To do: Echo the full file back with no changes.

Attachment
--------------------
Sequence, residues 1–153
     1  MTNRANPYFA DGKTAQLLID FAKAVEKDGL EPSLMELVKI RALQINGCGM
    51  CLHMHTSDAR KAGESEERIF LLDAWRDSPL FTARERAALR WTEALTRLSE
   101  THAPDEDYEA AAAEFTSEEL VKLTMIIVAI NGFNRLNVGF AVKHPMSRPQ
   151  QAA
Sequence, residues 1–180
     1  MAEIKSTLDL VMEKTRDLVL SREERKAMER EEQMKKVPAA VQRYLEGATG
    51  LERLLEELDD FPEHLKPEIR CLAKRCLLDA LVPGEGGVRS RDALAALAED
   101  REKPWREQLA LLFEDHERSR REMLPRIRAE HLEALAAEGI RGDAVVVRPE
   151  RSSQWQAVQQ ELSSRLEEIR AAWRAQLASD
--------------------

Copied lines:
Sequence, residues 1–153
     1  MTNRANPYFA DGKTAQLLID FAKAVEKDGL EPSLMELVKI RALQINGCGM
    51  CLHMHTSDAR KAGESEERIF LLDAWRDSPL FTARERAALR WTEALTRLSE
   101  THAPDEDYEA AAAEFTSEEL VKLTMIIVAI NGFNRLNVGF AVKHPMSRPQ
   151  QAA
Sequence, residues 1–180
     1  MAEIKSTLDL VMEKTRDLVL SREERKAMER EEQMKKVPAA VQRYLEGATG
    51  LERLLEELDD FPEHLKPEIR CLAKRCLLDA LVPGEGGVRS RDALAALAED
   101  REKPWREQLA LLFEDHERSR REMLPRIRAE HLEALAAEGI RGDAVVVRPE
   151  RSSQWQAVQQ ELSSRLEEIR AAWRAQLASD